One of my questions for the Brazilian man was whether it wasn’t better to have the Olympics now than any other time because of all the investments that had been done for the FIFA world cup, I mean there had been works on airports, some arenas had been built others modified and surely the things such as emergency plans and having enough personnel in the public sector should be there. When I said that he basically just laughed at me. Not in a mean way, just you know in a way like ‘I wish that was true’. He told me that the infrastructure that was attempted to be built for the World Cup didn’t always get finished or sometimes still wasn’t up to standards that we would consider to be normal or good.

Kind of along with that goes what could be found in the media: police men threatening to strike because of too low wages, which obviously would create a security concern, Guanbara Bay, where a lot of sailing events are supposed to be held is completely polluted and there is so much more.

Another issue is that is in a way also related to security is the Zika virus, a virus that is transmitted by mosquitos and the outbreak has led to a state of emergency being called out.
Due to this some athletes had already pulled out of the Games because they deemed the risk as too high.

3.      Doping scandal

Something that we all heard about before the Games started was as well the talks of systematic doping. Doping is nowadays with all the test, but also with all the possibilities and methods, a highly debated subject and a lot of athletes, coaches and associations think that the IOC has been too hesitant to ban artists that dope.
Why it has come up so majorly again is that the doping scandal among the Russian track and field team has been discovered leading to the questioning of systematic doping among the whole Russian team across many other sports. However, the only part being banned was the track and field team after the IOC ruled against banning all Russian athletes.
It’s a shame that doping is casting shadows over the event because it can destroy sports. Take biking for example, my dad and therefore my brother and me always used to watch the Tour de France when I was younger, but after it came out that basically everyone had been doping we stopped watching it because it had lost its appeal. It would be horrible if this would happen to any other sport/ event.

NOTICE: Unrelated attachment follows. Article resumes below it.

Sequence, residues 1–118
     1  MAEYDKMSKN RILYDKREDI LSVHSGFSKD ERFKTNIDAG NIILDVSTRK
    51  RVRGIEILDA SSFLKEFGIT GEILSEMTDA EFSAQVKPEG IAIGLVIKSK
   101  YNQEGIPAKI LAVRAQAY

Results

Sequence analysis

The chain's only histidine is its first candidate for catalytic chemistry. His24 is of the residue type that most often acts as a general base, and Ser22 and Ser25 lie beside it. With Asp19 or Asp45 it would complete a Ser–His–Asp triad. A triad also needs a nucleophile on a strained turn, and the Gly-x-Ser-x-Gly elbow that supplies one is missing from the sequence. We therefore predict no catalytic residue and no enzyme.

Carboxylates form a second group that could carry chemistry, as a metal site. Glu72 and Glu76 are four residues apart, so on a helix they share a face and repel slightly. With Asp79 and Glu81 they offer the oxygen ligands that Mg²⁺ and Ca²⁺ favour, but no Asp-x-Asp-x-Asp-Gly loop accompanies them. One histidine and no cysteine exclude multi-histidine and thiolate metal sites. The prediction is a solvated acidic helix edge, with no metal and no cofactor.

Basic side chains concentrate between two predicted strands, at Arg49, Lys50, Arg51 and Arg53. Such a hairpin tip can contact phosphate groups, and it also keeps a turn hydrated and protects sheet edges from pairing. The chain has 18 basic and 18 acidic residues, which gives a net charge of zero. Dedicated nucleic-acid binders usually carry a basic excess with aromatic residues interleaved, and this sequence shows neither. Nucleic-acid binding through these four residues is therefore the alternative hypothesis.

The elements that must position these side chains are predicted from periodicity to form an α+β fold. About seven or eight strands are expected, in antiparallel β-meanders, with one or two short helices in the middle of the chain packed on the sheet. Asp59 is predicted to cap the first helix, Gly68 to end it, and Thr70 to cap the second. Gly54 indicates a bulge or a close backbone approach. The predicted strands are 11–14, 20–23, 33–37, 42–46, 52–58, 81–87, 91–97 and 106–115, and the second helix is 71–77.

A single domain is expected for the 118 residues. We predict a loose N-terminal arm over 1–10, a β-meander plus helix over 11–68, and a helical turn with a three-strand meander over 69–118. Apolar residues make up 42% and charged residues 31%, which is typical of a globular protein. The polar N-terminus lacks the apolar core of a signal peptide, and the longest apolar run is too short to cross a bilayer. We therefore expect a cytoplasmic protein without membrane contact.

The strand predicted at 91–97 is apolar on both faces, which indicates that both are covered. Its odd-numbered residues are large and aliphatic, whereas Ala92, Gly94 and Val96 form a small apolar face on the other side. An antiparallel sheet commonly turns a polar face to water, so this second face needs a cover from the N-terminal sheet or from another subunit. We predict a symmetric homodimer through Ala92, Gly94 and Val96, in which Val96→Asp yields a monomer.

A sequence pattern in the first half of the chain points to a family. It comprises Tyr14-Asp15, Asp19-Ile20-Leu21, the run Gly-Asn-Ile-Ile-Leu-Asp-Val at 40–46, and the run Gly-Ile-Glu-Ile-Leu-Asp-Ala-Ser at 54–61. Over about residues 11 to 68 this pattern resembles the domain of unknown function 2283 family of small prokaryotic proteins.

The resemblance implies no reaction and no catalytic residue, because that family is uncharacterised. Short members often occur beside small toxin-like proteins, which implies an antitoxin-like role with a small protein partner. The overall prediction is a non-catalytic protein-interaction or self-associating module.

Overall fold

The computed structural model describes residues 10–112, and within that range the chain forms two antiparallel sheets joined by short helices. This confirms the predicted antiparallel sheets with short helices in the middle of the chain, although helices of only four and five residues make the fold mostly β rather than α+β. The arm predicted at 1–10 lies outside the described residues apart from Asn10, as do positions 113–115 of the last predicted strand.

These are all things that made the Olympics look bad previous to the actual event, but for me there is one thing that stands out now that the sports part has been going on for a week: The incredibly empty stands and arenas. Like yes I get it Rio de Janeiro is harder to access for many people from Europe than for example the London Olympics, and maybe it’s even harder for people from other places, but surely that cannot account for all those empty seats? The official number says that over 80% of tickets for the Olympics have been sold. So how come there are so many empty seats?
In an interview yesterday on German TV there was said that there are so many people who are trying to get tickets yet they cannot get any because they are apparently sold out.
The Brazilian press said that they had given some tickets to people from the favelas and to school children and that that may account for the seats that are missing, but come on. If a stadium is half empty and there are people waiting outside, wanting to watch surely there must be ways to sell more tickets, because to me that is a thing that actually makes the host city not look good.

Anyways this is my rant/ opinion on the controversies surrounding the Olympic Games and these are certainly issues that need to be talked about and addressed for future games, but now I am going to go back to watch whatever Olympic sport will come up now (maybe I’ll soon be an expert in synchronized swimming or shooting, you’ll never know).

Lots of love,

Katie